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Elder, John, son of Robert Elder, who came from Lough Neagh, county Antrim, Ireland, to Pennsylvania in 1730, was born January 26, 1706, in the city of Edinburgh, Scotland; died July 17, 1792, in Paxtang township, Dauphin county, Pa. He received a classical education and graduated from the University at Edinburgh. He subsequently studied divinity, and in 1732 was licensed to preach the gospel. Four or five years later, the son followed the footsteps of his parents and friends, and came to America. Coming as a regularly licensed minister, he was received by New Castle Presbytery, having brought credentials to that body, afterwards to Donegal Presbytery, on the 5th of October, 1737. Paxatang congregation having separated from that of Derry in 1735, and Rev. Mr. Bertram adhering to the latter, left that of Paxtag vacant, and they were unanimous in giving Rev. John Elder a call. This he accepted on the 12th day of April, 1738, and on the 22nd of November following he was ordained and installed, the Rev. Samuel Black presiding. The early years of Mr. Elder’s ministry were not those of ease; for in the second year the Whitefield excitement took a wide spread over the Presbyterian Church. He preached against this religious furore, or the "great revival," as it was termed, and for this he was accused to the Presbytery of propagating "false doctrine." That body cleared him, however, in December, 1740; "but a separation was made," says Webster, "and the conjunct Presbyters answered the supplications sent to them the next summer by sending Campbell and Rowland to those who forsook him. He signed the protest. His support being reduced, he took charge of the ‘Old Side’ portion of the Derry congregation." Following closely upon these ecclesiastical troubles came the French and Indian war. Associations were formed throughout the Province of Pennsylvania for the defense of the frontiers, and the congregations of Mr. Elder were prompt to embody themselves. Their minister became their leader – their captain – and they were trained as scouts. He superintended the discipline of his men, and his mounted rangers became widely known as the "Paxtang Boys." During two summers, at least, every man who attended Paxtang church carried his rifle with him, and their minister took his. Subsequently, he was advanced to the dignity of colonel by the Provincial authorities, the date of his commission being July 11, 1763. He had command of the block-houses and stockades from Easton to the Susquehanna. The governor, in tendering this appointment, expressly stated that nothing more would be expected of him than the general oversight. "His justification," says Webster, "lies in the crisis of affairs…Bay at York, Steele at Conecocheague, and Griffith at New Castle. with Burton and Thompson, the church missionaries at Carlisle headed companies and were actively engaged." During the latter part of the summer of 1763, many murders were committed in Paxtang, culminating in the destruction of the Indians on Conestoga Manor at Lancaster. Although the men composing the company of Paxtang men who were exterminated the murderous savages referred to belonged to his obedient and faithful rangers, it has never been proven that he Rev. Mr. Elder had previous knowledge of the plot formed, although the Quaker pamphleteers of the day charged him with aiding and abetting the destruction of the Indians. When the deed was done, and the Quaker authorities were determined to proceed to extreme lengths with the participants, and denounced the frontiersmen as "riotous and murderous Irish Presbyterians," he took sides with the border inhabitants, and sought to condone the deed. His letters published in connection with the history of that transaction prove him to have been a man judicious, firm and decided. During the controversy which ensued, he was the author of one of the pamphlets: "Letter from a Gentleman in one of the Back Counties to a Friend in Philadelphia." He was relieved from his command by the governor of the Province, who directed that Major Asher Clayton take charge of the military establishment. Peace, however, was restored – not only in civil affairs, but in the church. The union of the synods brought the Rev. Mr. Elder into the same Presbytery with Messrs. John Roan, Robert Smith and George Duffield, they being at first in a minority, but rapidly settling the vacancies with New Side men. By the leave of the Synod, the Rev. Mr. Elder joined the Second Philadelphia Presbytery May 19, 1768, and on the formation of the General Assembly, became a member of Carlisle Presbytery. At the time the British army overran New Jersey, driving before them the fragrants of our discouraged, naked, and half-starved troops, and without any previous arrangement, the Rev. Mr. Elder went on Sunday as usual to Paxtang church. The hour arrived for church service, when, instead of a sermon, he began a short and hasty prayer to the Throne of Grace; then called upon the patriotism of all effective men present, and exhorted them to aid in support of liberty’s cause and the defense of the country. In less than thirty minutes a company of volunteers was formed. Col. Robert Elder, the parson’s eldest son, was chosen captain. They marched next day, though in winter. His son John, at sixteen years, was among the first. His son Joshua, sub-lieutenant of Lancaster county, could not quit the service he was employed in, but sent a substitute. Until his death, for a period of sixty-five years, he continued the faithful minister of the congregations over which he had been placed in the prime of his youthful vigor, passing the age not generally allotted to man – that of fourscore and six years. His death was deeply lamented far and wide. Not one of all those who had welcomed him to his early field of labor survived him. Charles Miner, the historian of Wyoming gives this opinion of Rev. John Elder: "I am greatly struck with the evidences of learning, talent, and spirit displayed by him. He was, beyond doubt, the most extraordinary man of Eastern Pennsylvania. I hope some one may draw up a full memoir of his life, and a narrative, well digested, of his times…He was a very extraordinary man, of most extensive influence, full of activity and enterprise, learned, pious, and a ready writer. I take him to have been of the old Cameroninan blood. Had his lot been cast in New England, he would have been a leader of the Puritans." He had, with one who well remembered the old minister, "a good and very handsome face. His features were regular – no one prominent – good complexion, with blue eyes…He was a portly, long, straight man, over six feet in height, large frame and body, with rather heavy legs…He did not talk broad Scotch, but spoke much as we do now, yet grammatically." His remains quietly repose amid the scenes of his earthly labors, in the burying-ground of old Paxtang church, by the side of those who loved and revered him. Over his dust a marble slab bears the inscription dictated by his friend and neighbor, William Maclay, first United States senator from Pennsylvania. The Rev. Mr. Elder was twice married; married, first, in 1740 Mary Baker, born 1715, in county Antrim, Ireland; died June 12, 1749, in Paxtang; daughter of Joshua Baker, of Lancaster, Pa. He married, secondly, Mary Simpson, born 1732, in Paxtang; died October 3, 1786; daughter of Thomas and Sarah Simpson.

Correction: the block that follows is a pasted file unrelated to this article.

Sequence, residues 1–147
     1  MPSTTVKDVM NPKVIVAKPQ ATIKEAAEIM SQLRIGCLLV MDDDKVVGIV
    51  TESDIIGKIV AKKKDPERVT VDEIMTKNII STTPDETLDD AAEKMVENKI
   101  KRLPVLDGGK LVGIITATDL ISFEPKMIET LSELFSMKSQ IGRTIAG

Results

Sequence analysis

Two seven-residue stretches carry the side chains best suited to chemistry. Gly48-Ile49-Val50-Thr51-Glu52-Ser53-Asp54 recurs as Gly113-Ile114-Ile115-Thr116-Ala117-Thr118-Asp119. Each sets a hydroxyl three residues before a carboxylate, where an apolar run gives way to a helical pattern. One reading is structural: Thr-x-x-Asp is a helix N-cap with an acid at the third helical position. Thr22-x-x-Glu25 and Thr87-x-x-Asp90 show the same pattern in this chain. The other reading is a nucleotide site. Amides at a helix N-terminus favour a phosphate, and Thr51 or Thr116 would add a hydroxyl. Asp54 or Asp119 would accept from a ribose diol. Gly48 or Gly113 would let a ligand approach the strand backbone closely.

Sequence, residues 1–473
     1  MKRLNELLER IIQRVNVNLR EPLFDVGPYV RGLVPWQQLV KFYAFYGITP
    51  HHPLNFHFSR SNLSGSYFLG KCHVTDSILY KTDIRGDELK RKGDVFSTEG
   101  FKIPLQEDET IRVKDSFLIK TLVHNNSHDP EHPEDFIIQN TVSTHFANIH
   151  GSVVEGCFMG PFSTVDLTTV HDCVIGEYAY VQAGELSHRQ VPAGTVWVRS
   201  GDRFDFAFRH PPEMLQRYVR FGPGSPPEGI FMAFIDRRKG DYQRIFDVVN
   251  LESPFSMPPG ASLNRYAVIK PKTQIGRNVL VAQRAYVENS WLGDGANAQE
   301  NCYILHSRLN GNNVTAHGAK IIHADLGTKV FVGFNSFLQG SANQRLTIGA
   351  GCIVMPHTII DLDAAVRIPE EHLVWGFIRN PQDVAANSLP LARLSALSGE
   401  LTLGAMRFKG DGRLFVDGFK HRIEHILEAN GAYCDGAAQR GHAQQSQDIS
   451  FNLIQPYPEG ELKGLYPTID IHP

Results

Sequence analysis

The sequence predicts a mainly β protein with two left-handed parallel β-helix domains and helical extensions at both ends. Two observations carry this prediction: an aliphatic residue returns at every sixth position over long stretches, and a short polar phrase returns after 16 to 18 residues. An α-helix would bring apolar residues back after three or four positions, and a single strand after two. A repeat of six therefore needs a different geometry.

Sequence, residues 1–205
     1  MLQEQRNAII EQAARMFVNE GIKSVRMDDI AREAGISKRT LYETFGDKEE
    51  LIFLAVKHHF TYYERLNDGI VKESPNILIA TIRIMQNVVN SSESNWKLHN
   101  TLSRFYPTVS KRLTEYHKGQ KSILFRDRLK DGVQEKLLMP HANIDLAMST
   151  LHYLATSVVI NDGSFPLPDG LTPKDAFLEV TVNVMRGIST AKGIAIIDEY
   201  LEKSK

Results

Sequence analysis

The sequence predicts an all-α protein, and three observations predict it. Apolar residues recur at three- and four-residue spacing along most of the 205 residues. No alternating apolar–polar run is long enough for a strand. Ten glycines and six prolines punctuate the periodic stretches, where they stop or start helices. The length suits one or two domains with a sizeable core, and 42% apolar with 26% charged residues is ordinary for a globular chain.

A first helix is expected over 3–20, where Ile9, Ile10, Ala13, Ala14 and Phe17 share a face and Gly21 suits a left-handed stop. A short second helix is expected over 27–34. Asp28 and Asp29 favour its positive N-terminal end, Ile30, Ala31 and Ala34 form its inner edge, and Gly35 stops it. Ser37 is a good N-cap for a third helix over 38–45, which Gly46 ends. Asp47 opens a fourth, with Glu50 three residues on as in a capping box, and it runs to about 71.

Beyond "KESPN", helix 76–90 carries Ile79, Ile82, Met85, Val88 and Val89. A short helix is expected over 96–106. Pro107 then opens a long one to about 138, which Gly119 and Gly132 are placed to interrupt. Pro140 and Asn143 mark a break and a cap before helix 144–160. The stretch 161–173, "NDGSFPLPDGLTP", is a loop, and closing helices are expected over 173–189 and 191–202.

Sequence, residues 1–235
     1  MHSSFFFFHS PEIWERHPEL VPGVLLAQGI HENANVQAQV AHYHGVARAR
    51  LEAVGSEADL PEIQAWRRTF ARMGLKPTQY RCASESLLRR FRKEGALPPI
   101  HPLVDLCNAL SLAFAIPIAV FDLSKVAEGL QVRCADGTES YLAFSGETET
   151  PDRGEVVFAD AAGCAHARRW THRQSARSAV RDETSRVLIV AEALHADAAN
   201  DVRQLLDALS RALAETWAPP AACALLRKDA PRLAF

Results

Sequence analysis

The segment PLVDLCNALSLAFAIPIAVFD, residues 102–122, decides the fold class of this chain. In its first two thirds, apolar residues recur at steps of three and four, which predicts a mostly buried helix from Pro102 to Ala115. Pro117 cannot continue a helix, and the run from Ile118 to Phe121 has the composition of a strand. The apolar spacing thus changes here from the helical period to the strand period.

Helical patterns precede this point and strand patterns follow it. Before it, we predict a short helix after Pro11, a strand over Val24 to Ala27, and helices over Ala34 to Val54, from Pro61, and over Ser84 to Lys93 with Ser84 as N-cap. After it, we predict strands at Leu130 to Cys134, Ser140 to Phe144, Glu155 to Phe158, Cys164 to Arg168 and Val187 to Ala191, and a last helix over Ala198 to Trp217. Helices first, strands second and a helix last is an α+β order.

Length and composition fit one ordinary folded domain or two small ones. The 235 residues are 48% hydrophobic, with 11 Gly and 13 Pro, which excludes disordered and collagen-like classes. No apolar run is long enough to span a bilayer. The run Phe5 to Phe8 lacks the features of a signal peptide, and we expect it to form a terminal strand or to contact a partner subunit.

Transcribed by: Lynne Ranieri

From page 169